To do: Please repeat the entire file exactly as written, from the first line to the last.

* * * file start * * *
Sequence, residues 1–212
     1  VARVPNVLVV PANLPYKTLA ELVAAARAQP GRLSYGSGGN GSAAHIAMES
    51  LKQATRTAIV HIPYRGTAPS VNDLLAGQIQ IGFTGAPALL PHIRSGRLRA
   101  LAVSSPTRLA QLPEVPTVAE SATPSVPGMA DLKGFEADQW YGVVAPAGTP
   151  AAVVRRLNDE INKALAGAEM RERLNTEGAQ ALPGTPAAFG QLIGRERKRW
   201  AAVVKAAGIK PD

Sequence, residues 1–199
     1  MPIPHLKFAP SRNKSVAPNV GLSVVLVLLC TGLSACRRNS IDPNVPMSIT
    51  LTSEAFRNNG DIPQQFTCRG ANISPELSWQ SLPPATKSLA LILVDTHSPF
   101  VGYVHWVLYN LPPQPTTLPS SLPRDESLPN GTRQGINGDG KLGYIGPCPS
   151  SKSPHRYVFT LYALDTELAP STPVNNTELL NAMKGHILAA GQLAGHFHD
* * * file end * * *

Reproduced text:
Sequence, residues 1–212
     1  VARVPNVLVV PANLPYKTLA ELVAAARAQP GRLSYGSGGN GSAAHIAMES
    51  LKQATRTAIV HIPYRGTAPS VNDLLAGQIQ IGFTGAPALL PHIRSGRLRA
   101  LAVSSPTRLA QLPEVPTVAE SATPSVPGMA DLKGFEADQW YGVVAPAGTP
   151  AAVVRRLNDE INKALAGAEM RERLNTEGAQ ALPGTPAAFG QLIGRERKRW
   201  AAVVKAAGIK PD

Sequence, residues 1–199
     1  MPIPHLKFAP SRNKSVAPNV GLSVVLVLLC TGLSACRRNS IDPNVPMSIT
    51  LTSEAFRNNG DIPQQFTCRG ANISPELSWQ SLPPATKSLA LILVDTHSPF
   101  VGYVHWVLYN LPPQPTTLPS SLPRDESLPN GTRQGINGDG KLGYIGPCPS
   151  SKSPHRYVFT LYALDTELAP STPVNNTELL NAMKGHILAA GQLAGHFHD